Annals of Botany Lecture
Niklas, Karl J. .
Plant Allometry: Is There a Global Theory?.
Research on the effects of plant biodiversity on ecosystem function and structure has intensified with the realization that global biodiversity is declining. Yet, some of our most fundamental questions concerning species richness and community structure remain unanswered, e.g., we have no generally accepted explanation for why biodiversity varies as a function of latitude or elevation, nor have we reached consensus regarding the effects of disturbance or climatic variation on species richness, community productivity, or standing biomass. Past studies revealed divergent relationships for different taxonomic groups or geographic areas resulting in a field of enquiry less subject to prediction than to observation. In contrast, recent advances in allometric theory have provided detailed and testable predictions about community structure. Aspects of this theory will be explored empirically and analytically using large worldwide data sets for forested communities and for local climatological and soil conditions. It will be shown that much of the variance in plant biodiversity is explained statistically by local variations in abiotic variables, which is consistent with theory. Thus, across communities between 20º S and 20º N latitude and elevations below 500 m, multiple regression analysis shows that more than 82% of the variance observed for tree species diversity is explained by differences in average monthly precipitation, average annual temperature, the number of months precipitation exceeds estimated potential ground evaporation, average monthly temperature during the growing season, and soil type. For communities between 10º S and 10º N, these variables explain more than 90% of the variance in species number. Yet, as predicted, total community standing biomass and estimates of annual productivity are, on average, indifferent to species number. The implications of these and other allometric trends to ecology and evolutionary biology will be discussed.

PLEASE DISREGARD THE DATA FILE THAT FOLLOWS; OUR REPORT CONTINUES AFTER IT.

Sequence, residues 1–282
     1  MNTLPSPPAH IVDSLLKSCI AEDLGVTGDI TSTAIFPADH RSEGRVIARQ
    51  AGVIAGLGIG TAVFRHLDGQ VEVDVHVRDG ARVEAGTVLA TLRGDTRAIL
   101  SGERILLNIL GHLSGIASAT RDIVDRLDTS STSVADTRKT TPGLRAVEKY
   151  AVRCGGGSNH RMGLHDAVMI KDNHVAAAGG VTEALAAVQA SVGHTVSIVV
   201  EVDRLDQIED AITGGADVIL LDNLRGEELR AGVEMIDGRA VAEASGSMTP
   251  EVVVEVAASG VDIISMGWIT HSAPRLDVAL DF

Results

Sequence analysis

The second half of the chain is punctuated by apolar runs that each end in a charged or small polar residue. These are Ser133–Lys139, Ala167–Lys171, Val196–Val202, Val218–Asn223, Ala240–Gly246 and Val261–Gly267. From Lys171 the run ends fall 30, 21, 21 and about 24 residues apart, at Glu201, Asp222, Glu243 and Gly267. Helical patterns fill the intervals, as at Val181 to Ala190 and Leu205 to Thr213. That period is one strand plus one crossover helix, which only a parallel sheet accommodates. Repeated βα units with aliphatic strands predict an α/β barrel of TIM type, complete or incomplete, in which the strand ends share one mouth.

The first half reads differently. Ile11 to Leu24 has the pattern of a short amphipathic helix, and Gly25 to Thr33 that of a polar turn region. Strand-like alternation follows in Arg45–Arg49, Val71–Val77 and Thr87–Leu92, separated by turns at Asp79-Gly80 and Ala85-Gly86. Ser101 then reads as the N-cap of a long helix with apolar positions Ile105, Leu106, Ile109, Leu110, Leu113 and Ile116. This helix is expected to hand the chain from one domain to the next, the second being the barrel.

1 - Cornell University, Department of Plant Biology, Tower Road, Ithaca, New York, 14853-5908, USA
Presentation Type: Special
Location: Wasatch (Cliff Lodge)
Date: Monday, August 2nd, 2004
Time: 11:00 AM